A Guarded Grief

A teacher’s funeral brings back a personal sorrow for Larissa Everett

On the eve of the funeral, my English teacher announced, “Ladies, Year 10B has been selected to represent the school tomorrow at Sister Catherine’s funeral. We are to assemble and stand as an avenue of respect. You must wear your blazers.”

I immediately raised my hand and asked if I had to go. I used the sarcastic tone of a 16-year-old to mask my unwillingness to participate in this formal death parade. My English teacher laughed my question away. Her simple answer of “Yes” as she walked out of the classroom made it clear that I didn’t have a choice.

At two the following afternoon, we were herded into the curved driveway that connected the front gate to the chapel, via a manicured garden. The school was a place of appearances, and the garden was the first part of it that was visible to all. The lush green lawns and carefully maintained flowerbeds were surrounded by a thick, high, red-brick wall. It was so wide that it curved at the top. I’d never tried to scale it; at a height of over four metres it was impossible. The only possible exit point was the huge entry gate. An impressive archway connected two sections of the wall and created an imposing entrance to the school. An enormous, white iron gate sat split on either side of the wall. In the six years that I attended the school, the gates were never closed.

I stood just six metres from the tempting pearl exit gates. Wearing my navy school blazer, I faced the warm, autumn sun. Earlier that day, I had tried again with my English teacher, but her answer was the same. Perhaps I’d left it too late. She was busy collecting the class roll and reminding students to maintain the correct, non-slouching posture. “Didn’t we cover this yesterday?” she grinned in a non-negotiable way. And it was then that I wanted to tell her, but I was scared to use the words.

The warm afternoon sun gently filtered through the huge native trees. Most of my classmates welcomed this mini break from the tedious English class; they stood casually chatting to each other. I stood uncomfortably anticipating a harrowing afternoon event.

When the religious ceremony in the chapel ended, the hearse began its sombre, snakelike exit down the school driveway. I tried taking a deep breath and focusing on my posture and dignified expression. I promised myself I wouldn’t look at the hearse or anything upsetting. Somehow my eyes didn’t keep that promise, and they became distracted by the director of the funeral centre. He was the patriarch of death. I recognised his long stately walk, guiding the black hearse along the curving driveway. Wearing a suit of mourning grey, he epitomised grief, sorrow and loss. His grey, steel-wool eyes locked with mine, and for a split second he saw the scared little girl who was mourning her brother. His brief glance into my tortured soul turned a rusty key of pain that sent me into a flood of previously repressed tears and loud, undignified sobs.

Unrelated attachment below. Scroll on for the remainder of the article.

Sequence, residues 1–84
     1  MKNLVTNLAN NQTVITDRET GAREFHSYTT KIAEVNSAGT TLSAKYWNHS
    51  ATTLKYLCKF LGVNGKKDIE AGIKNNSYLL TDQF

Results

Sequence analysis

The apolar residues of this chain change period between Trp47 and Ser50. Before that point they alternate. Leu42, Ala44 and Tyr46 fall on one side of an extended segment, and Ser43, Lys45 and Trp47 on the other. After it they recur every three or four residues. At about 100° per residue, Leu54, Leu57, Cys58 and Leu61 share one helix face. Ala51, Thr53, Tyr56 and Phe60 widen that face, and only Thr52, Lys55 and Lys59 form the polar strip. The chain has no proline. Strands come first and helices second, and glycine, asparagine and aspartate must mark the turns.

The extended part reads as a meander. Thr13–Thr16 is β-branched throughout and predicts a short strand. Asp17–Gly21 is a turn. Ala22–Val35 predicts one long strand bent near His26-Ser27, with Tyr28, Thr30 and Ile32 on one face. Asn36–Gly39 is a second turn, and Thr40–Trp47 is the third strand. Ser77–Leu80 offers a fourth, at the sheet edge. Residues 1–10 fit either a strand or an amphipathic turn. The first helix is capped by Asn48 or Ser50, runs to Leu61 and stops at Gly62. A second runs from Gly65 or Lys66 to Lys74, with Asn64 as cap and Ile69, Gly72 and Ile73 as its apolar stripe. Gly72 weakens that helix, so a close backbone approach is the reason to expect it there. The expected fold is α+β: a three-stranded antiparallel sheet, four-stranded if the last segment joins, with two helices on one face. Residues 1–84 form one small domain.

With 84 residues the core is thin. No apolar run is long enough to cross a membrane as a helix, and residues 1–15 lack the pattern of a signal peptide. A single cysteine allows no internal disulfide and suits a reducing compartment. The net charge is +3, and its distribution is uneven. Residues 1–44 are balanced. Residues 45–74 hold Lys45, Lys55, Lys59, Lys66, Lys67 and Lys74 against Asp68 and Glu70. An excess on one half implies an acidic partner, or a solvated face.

A classmate standing next to me stared at me in horror. Not only had I broken the posture rule, I’d broken a whole lot of unspoken rules. Terrified to comfort me, she stood, like me, immobilised, as the hearse and the procession of mourners’ cars slowly rolled past us. I wasn’t crying; I was bawling and howling. As the small procession of cars drove past, an old lady wound down her car window and tried to do what my classmate just couldn’t.

“She was a very old nun, who led a full life, dear. She’s with God now,” she preached, blessing me and my soft heart. I stared at her blurred image in disbelief, and to my horror bawled even louder than before. My “soft heart” was releasing nine years of built-up childhood grief. Unfortunately, I was in one very public place, standing in a puddle of undignified sobs.

Finally the parade of death ended. Most of my classmates reluctantly headed back to the classroom; however, I stood frozen in my designated place, honouring the dead soul of my brother. For once, time, rules and the of my approval peers didn’t matter. Just as grief had stopped my world nine years ago, it stopped it again. I finally allowed myself to cry my tears of pain.

What happened next is something that is now one of my significant life events. I don’t know if my sister was told of my distress and was summoned out, or if she saw my distress from one of the huge windows that overlooked the entrance. My sister, who was two years older than me, and was continually grumpy with the pressure of her Year 12 studies, simply walked up to me and gave me a comforting hug. At that time we really didn’t get along; she resented my cheerful, carefree attitude. But that strong and caring gesture has always touched my heart. It was a gesture of shared understanding of a tragic life event.

I have no memory of what happened next. No recall of cruel laughter or adolescent teasing, or of friends asking what was wrong with me. There were no nasty questions demanding explanations for my bizarre behaviour. Not even sly comments about the class clown crying. But what I do remember is my English teacher asking, “Why didn’t you tell me that you didn’t want to do it?”

On the day of the funeral, both teacher and student learned a valuable lesson about guarding grief and listening more carefully to what someone just couldn’t say.

Illustration by Rosalie Street